When I was a critic, I thought that a successful film had simultaneously to express an idea of the world and an idea of cinema; La Règle du Jeu and Citizen Kane corresponded to this definition perfectly. Today, I demand that a film express either the joy of making cinema or the agony of making cinema. I am not at all interested in anything in between; I am not interested in all those films that do not pulse.
I believe a work is good to the degree that it expresses the man who created it.
These books were alive and they spoke to me.
HENRY MILLER, The Books in My Life
Truffaut, François. The Films in My Life
In a decade where reality and fiction blurred, these movies showed us who we really are.
20. Dawson City: Frozen Time (2017)
To make Dawson City: Frozen Time, director Bill Morrison — who often works with old footage — reused hundreds of reels of nitrate film shot in the 1910s and 1920s and unearthed in 1978 in Dawson, a town on the Yukon River in northwestern Canada. The reels had been presumed lost, and Morrison stitches them together to reconstruct the history of the town, which is loaded with wild stories of fortunes made and lost, with twists and turns as exciting as any fictional film. It plays like a silent film, at times, but one with an eye toward the present, and toward the way old stories shape the future.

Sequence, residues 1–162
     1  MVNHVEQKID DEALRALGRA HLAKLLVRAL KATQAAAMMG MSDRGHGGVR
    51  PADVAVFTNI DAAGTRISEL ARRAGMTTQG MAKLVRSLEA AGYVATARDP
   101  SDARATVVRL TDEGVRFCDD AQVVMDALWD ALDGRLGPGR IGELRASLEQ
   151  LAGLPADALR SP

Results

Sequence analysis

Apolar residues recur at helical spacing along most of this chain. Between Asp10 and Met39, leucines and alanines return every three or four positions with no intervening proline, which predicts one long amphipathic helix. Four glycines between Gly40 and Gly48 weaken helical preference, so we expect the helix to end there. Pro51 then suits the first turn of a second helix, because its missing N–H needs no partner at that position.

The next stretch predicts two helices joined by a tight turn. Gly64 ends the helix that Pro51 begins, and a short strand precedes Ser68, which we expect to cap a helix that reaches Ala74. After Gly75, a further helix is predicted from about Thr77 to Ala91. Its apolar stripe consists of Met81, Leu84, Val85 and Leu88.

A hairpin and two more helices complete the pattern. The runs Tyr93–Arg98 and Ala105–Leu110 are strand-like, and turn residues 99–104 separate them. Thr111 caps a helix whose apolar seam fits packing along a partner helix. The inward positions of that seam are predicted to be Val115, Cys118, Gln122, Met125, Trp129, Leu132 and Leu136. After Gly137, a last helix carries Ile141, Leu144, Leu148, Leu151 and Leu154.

Alissa Wilkinson, Vox
A shot where the camera is fixed in one position while the action continues off-screen. It says life is messy and can not be contained by a camera. Beloved by Woody Allen and the dolly grips who can take the afternoon off.
Another interpretation I read: It says the world goes on without us. I think this take was from Andrew Sarris and he was referring to Robert Bresson. But I can’t find the specific reference. Could be wrong. *
Film Studies 101: The 30 Camera Shots Every Film Fan Needs To Know Empire Online, By Ian Freer, illustrations by Olly Gibbs Posted 02 Oct 2015
* Quote found:
“Bresson has been criticized on at least one occasion for showing a place a beat or two after the people have departed, thus fading out on geography rather than humanity. Far from being a flaw, this Bressonian mannerism expresses an attitude of man’s place in the universe. For Bresson, place precedes and transcends person, since the world was here before we came and will be here long after we are gone.”
The Trial of Joan of Arc, review by Andrew Sarris. Originally in The Village Voice, quoted here from Confessions of A Cultist: On the Cinema, 1955 – 1969